The Wax Plant, Porcelain Flower, or just simply Hoya has made an incredible bounce back in popularity the last few years. Many refer to this amazing blooming plant as “Grandma’s Plant,” which is no longer the case. The common names derive from the look and feel of the plant. It has firm waxy leaves and delicate fragrant blooms. What I like about this plant is how easy it is to care for and how fast it grows!
Choosing the right Hoya:
These are things I look for when I have a table of Hoyas to choose from:
- Multiple rooted stems, the more rooted stems the more bushier the plant will be.
- Is the foliage firm? Firm leaves indicate that proper watering habits have been used and there is no root rot.
- Do the ends of the stems have any new growth? This will also indicate if proper care has been established and there is no disease or root rot happening.
We carry a wide variety of Hoyas at our Puyallup and Federal Way locations.
Finding the right spot in your home for your new Hoya:
Hoyas have been listed as a plant that can tolerate low light. While this is true for some varieties, most Hoyas would prefer a spot with bright indirect light for 6 or more hours a day, especially if you would like your Hoya to bloom. Hoyas can survive in low light conditions, but will not thrive or produce the beautiful, fragrant blooms.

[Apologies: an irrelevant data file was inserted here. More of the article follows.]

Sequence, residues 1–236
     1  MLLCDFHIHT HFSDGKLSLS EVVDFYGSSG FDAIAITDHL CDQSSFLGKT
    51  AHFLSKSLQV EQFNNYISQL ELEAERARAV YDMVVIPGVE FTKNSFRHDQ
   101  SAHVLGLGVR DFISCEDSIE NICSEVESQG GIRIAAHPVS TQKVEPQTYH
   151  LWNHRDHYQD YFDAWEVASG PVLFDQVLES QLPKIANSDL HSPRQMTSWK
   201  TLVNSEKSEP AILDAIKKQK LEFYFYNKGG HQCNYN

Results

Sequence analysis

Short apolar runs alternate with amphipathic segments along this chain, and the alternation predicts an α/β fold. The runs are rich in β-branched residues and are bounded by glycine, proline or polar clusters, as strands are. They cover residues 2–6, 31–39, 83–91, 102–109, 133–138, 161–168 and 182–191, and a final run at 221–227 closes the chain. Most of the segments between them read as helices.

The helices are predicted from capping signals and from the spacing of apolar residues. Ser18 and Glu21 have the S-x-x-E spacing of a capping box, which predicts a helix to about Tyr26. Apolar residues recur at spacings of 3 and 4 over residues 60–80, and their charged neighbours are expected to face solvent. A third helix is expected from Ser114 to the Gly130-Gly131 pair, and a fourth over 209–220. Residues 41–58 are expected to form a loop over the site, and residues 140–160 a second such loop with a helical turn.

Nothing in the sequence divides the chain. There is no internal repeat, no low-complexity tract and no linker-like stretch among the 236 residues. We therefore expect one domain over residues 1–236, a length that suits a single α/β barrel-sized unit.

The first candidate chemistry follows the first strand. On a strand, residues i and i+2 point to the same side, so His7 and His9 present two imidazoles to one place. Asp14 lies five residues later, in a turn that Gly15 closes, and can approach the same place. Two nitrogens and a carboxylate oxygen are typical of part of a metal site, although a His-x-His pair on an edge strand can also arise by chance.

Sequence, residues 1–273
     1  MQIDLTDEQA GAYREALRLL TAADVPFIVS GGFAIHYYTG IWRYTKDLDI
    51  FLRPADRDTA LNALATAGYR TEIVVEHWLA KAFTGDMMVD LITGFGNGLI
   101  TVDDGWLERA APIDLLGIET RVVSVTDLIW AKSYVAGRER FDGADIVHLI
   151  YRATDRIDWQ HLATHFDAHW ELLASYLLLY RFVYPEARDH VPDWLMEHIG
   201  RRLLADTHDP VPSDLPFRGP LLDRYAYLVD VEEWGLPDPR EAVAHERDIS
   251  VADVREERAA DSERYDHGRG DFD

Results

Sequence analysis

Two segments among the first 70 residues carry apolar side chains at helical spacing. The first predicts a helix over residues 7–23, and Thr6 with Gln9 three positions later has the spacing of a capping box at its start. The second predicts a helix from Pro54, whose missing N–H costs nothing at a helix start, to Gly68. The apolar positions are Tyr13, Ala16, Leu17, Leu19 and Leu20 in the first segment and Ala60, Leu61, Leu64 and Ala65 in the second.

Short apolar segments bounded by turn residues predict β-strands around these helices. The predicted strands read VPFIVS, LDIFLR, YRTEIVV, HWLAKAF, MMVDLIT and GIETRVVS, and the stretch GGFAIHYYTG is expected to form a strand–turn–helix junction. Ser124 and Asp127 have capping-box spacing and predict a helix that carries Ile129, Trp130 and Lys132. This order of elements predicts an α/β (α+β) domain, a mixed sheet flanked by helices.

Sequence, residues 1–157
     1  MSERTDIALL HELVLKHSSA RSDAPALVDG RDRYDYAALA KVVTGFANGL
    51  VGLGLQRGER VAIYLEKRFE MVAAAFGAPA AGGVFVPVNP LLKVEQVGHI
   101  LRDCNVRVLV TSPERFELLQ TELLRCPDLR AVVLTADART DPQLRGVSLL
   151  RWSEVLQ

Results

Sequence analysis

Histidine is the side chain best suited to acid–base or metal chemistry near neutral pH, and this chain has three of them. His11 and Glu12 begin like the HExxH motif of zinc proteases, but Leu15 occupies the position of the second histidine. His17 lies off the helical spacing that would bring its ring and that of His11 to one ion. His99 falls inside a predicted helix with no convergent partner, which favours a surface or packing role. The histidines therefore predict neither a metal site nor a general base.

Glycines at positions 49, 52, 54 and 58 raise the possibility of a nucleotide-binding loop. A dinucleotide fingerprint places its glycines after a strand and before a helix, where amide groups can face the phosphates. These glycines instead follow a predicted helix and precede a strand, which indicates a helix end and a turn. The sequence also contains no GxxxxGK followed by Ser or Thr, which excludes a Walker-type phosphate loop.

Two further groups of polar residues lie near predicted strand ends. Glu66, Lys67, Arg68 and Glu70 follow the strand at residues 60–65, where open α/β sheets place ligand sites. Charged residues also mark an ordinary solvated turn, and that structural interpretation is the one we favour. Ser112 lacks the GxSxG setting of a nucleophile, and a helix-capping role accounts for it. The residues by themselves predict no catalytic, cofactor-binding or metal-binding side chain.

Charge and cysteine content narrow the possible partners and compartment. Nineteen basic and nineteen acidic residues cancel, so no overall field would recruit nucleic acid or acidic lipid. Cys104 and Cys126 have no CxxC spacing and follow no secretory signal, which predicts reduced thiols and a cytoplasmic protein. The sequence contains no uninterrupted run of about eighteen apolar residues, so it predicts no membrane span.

Hoyas are great on shelves where their foliage can cascade down and create that lush jungle-like vibe. They are excellent climbers, so you can have it trained to climb up a trellis or up your macrame hanger. These will make your Hoya happy and look great in your home!
Once we get into the summer heat, your Hoya will send energy to grow out its stems and it may look wild and bare, be patient, the leaves will follow once that initial growth settles. Be aware that these stems may seek something to grab onto and wind itself around things like window blind cords and even other plants. Just redirect its stem and once the new leaves come in, it will start to cascade down.
Hoyas are tropical so they do not tolerate cold temperatures of 50°F or colder for long periods of time.
My Hoya 'Krimson Queen' hanging in a macrame hanger.
Choosing the right pot & soil for your Hoya:
In order to get your Hoya to bloom you will need to wait for its root system to mature. A fast way to do so is to make sure you pot it up in a pot the same size or only slightly larger than the nursery pot you bought it in. Hoyas do great being pot-bound. No need to up-pot a new Hoya, let the roots grow into a tight root ball in its pot. I wait until there is 80% root and 20% potting mix before I go the next size up. If you have it still in its nursery pot, you can do the “squeeze test.” Squeeze the nursery pot with your hands, if it is hard as a rock, then it is time to up-pot. If it is easy to squeeze, that means the root system is not mature enough.